How to get started with Jupyter Lab, an all-in-one programming interface designed by and for scientists.
Researchers often juggle a suite of software applications. R studio for R, Spyder for Python, Overleaf for Latex, Atom for other languages, etc. JupyterLab can replace these applications with a single platform that will streamline your work and make it easier to reproduce. I highly recommend JupyterLab for anyone that uses Python and R regularly. If you only use R, I recommend sticking with R studio. Here's a quick look at some of the most significant advantages:
The only notable draw back is that the set up and learning curve is a bit more difficult than something like R studio. It doesn't take long to get comfortable with it though, and once you do you'll find it will improve your workflow from production to presentation. If that sounds attractive to you then this tutorial will show you how to install JupyterLab, set up your first virtual environment, and get Jupyter up and running.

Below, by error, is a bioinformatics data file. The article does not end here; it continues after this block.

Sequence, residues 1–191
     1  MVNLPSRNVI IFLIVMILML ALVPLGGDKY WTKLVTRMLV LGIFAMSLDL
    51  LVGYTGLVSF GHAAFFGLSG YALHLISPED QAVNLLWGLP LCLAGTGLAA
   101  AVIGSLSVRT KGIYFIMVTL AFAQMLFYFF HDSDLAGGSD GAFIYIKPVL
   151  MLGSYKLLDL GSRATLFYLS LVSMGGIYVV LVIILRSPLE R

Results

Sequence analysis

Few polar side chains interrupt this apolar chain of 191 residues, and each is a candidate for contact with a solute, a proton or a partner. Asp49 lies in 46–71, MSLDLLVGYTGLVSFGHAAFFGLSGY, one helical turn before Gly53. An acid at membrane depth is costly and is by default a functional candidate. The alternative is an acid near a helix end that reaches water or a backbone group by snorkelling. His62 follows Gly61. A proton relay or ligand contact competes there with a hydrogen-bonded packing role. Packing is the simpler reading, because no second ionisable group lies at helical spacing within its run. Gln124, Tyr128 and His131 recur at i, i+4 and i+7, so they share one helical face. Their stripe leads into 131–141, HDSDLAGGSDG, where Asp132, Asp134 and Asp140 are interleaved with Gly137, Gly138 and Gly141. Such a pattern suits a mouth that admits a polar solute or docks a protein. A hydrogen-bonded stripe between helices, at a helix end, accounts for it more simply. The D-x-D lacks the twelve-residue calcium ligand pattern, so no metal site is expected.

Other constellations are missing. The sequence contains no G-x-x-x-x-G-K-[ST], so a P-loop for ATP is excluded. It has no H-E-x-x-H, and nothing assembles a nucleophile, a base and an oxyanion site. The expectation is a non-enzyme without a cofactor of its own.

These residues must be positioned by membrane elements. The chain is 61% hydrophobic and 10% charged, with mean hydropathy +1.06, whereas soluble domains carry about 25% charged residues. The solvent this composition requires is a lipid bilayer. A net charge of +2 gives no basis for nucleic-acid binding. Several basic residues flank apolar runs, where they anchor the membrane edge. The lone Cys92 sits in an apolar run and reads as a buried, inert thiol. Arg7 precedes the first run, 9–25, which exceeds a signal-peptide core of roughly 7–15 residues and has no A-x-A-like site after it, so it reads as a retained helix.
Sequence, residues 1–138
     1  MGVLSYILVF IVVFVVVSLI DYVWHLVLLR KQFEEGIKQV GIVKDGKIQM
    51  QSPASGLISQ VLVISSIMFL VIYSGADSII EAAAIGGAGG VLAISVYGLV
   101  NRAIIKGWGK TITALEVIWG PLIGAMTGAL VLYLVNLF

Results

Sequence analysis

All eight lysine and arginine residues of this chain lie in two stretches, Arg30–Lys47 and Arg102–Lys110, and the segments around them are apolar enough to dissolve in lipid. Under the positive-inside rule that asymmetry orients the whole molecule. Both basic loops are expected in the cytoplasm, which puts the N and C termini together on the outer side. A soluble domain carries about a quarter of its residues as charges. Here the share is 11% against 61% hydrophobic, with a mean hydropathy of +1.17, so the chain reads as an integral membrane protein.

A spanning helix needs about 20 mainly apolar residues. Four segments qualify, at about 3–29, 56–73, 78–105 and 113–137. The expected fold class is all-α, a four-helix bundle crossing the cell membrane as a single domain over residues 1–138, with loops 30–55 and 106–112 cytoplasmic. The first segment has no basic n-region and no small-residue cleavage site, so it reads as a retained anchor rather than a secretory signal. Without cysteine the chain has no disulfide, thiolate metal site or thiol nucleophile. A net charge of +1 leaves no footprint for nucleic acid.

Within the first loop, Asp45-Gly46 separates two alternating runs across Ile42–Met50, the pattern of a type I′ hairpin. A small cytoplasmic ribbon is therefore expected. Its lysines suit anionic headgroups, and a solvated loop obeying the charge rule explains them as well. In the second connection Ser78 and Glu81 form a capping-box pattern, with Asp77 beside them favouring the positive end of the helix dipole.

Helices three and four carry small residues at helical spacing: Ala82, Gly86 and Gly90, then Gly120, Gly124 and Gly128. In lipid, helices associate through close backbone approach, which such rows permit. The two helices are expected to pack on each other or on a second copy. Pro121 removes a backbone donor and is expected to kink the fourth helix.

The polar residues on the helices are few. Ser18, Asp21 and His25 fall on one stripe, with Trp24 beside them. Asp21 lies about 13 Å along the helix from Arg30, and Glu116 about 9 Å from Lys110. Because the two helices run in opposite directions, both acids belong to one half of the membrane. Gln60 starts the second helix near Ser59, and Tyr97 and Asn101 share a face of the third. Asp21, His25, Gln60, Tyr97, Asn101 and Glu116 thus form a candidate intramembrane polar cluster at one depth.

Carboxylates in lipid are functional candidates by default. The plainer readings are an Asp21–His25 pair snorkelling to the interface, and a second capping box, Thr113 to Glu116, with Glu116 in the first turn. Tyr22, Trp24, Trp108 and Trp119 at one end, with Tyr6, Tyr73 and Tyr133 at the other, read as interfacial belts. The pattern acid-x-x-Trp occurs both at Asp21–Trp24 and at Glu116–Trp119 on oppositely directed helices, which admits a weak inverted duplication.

Anaconda is not the only way to use Jupyter, but it has the massive advantage of easy to manage virtual environments. This goes a long way in encouraging best practices, and will save you massive headaches in the long run.
After you’ve installed Anaconda your computer may have opened Anaconda Navigator:
Close this out, we won’t be using it! Now let’s open up our terminal and confirm that everything was installed correctly. Type "conda info" in your terminal and hit enter. You should see something like this: